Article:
Now the BIG question. How much CO2 would a food-grade air compressor displace? We believe it can reduce CO2 usage by 40% based on some digging. After making several inquiries to soda distributors across this great nation of ours, it was determined that the average use is 5 lbs of CO2 to dispense a box of syrup. When we looked at a drink volume guide, we saw that only .0112 LB of CO2 in 9.6 oz of water is in 16 oz. soft drink. Which, on an ingredient level, equates to 3 lbs of CO2 needed to dispense a box of syrup. I believe that the 5 lbs are absolutely correct when considering the use to drive all the pumps at a busy restaurant. That being said, reducing 2 lbs of Co2 per box of syrup is a considerable saving when you look at the big picture. I am sure we can all do the math, but what was once a restaurant using 250 lbs of CO2 in a month and now only needs 150 lbs per month is an additional 300 boxes of syrup that they can dispense. This example applies to the average establishment. Imagine if we were to go bigger to some of these big global franchises…eh hem, which in some regions use CO2 for condiment dispensing, pneumatic door operation, liquid syrup transfer, etc, etc. That in itself, from a cost standpoint, would be a no-brainer!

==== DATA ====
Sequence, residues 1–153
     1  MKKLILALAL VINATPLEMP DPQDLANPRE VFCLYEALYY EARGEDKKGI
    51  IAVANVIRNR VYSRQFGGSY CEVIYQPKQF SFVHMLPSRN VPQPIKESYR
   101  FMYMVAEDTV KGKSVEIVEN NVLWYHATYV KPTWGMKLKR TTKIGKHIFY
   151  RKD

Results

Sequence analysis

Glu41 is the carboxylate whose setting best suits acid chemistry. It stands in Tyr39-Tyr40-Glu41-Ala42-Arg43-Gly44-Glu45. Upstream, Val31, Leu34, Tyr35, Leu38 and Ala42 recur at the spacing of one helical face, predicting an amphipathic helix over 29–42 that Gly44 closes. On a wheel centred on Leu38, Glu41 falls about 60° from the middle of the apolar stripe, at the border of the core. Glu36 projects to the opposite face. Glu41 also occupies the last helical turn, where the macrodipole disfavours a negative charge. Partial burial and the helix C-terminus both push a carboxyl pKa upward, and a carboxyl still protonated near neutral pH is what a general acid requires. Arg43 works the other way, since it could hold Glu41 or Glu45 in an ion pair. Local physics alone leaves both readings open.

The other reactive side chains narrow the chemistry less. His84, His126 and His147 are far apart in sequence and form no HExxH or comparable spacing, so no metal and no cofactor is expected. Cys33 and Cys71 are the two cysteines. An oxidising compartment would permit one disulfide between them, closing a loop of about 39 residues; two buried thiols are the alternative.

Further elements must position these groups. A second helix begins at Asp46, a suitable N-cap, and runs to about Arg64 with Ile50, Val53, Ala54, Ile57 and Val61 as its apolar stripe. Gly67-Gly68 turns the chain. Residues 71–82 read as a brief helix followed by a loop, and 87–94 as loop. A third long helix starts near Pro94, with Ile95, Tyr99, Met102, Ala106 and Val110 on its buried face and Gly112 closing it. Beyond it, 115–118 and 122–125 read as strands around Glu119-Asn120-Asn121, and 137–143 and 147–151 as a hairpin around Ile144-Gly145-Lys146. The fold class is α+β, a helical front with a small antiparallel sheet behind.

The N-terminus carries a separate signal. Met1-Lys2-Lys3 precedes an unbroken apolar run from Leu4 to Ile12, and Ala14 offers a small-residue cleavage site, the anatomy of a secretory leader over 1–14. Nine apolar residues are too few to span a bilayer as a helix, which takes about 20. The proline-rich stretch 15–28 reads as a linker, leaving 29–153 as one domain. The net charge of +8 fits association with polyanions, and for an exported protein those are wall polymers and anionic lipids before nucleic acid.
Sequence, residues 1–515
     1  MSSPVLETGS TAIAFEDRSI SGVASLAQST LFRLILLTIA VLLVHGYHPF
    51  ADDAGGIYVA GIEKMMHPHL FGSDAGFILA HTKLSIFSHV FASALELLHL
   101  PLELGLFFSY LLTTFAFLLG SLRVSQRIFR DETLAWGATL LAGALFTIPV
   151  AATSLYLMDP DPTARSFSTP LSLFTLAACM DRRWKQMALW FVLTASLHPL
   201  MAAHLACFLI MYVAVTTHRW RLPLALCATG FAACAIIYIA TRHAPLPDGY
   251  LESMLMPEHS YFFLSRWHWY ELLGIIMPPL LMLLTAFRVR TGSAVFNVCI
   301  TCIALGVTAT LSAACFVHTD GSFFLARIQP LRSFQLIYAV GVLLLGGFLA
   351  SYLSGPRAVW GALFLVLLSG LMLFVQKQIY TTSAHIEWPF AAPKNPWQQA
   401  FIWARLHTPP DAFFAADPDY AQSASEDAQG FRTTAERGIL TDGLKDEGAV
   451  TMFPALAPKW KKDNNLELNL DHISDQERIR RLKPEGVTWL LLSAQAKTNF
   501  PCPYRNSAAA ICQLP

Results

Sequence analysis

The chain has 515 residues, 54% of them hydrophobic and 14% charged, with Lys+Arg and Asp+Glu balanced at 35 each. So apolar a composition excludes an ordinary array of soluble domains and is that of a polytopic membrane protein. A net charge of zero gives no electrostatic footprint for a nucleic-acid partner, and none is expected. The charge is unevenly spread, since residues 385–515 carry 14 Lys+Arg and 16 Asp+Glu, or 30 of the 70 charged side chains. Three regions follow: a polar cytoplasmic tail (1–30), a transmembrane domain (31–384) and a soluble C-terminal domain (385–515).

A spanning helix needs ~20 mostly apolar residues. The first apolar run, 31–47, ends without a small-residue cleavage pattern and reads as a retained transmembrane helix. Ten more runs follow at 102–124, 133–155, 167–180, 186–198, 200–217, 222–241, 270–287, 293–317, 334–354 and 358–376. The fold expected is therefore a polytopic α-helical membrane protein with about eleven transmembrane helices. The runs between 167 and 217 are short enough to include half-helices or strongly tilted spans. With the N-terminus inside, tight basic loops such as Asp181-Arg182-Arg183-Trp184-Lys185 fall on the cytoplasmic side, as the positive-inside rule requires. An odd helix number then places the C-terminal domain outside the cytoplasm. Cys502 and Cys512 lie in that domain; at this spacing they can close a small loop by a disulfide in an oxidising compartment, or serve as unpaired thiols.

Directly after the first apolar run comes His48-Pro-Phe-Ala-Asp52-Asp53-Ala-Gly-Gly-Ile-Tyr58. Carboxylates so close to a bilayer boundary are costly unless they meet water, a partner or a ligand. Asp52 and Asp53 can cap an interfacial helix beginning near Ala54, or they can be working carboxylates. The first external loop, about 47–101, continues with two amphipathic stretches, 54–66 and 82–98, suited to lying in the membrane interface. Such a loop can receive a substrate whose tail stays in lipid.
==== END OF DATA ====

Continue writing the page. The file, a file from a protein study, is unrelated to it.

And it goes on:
Unfortunately, it has already been done and not so successful. Hence, my example above is why it was not a viable option. We have designed this system to cool air and remove oil, moisture, and particulates from the air stream. This produces clean, dry air ready for any point of use that is mechanical. We also implemented an automatic switch-over mechanism. If maintenance was never executed and the system ultimately failed, the system would automatically go back to CO2 as the driving media to power all the pumps and points of use. We did this In effort to eliminate service interruptions. If needed, we can monitor this activity and alert by email any type of failure mode or just a simple maintenance reminder! It would be as easy as adding this to our Milcarb mobile portal. https://www.milcarb.com/mobile milcarb
Before this product's initial development, we were chasing a theory that revolved around a different angle. That angle was the government's green initiative in handing out carbon credits to companies that reduce their CO2 usage by 1 metric ton. After diving into a few scenarios, a few companies could benefit from this on a global stage. Still, most of the restaurant world would only see the benefit in the amount of Soda yield per pound of CO2.
Some stats below:
1 - Metric Ton = 2,207 Lbs.
1- Carbon Credit = $3.5 - $20 per metric ton
If there were 36,699 McDowell ;) Restaurants worldwide. The organization could apply for the Carbon Credit program, potentially earning 3.3 carbon credits per store per year. 3.3 * 36,699 = 12
1,106 carbon credits which could have a value range of $423 873.00 - $2,422,120.00
Estimating that McDowells used 750 lbs of CO2 per month and reduced it by 40% using the Milcarb system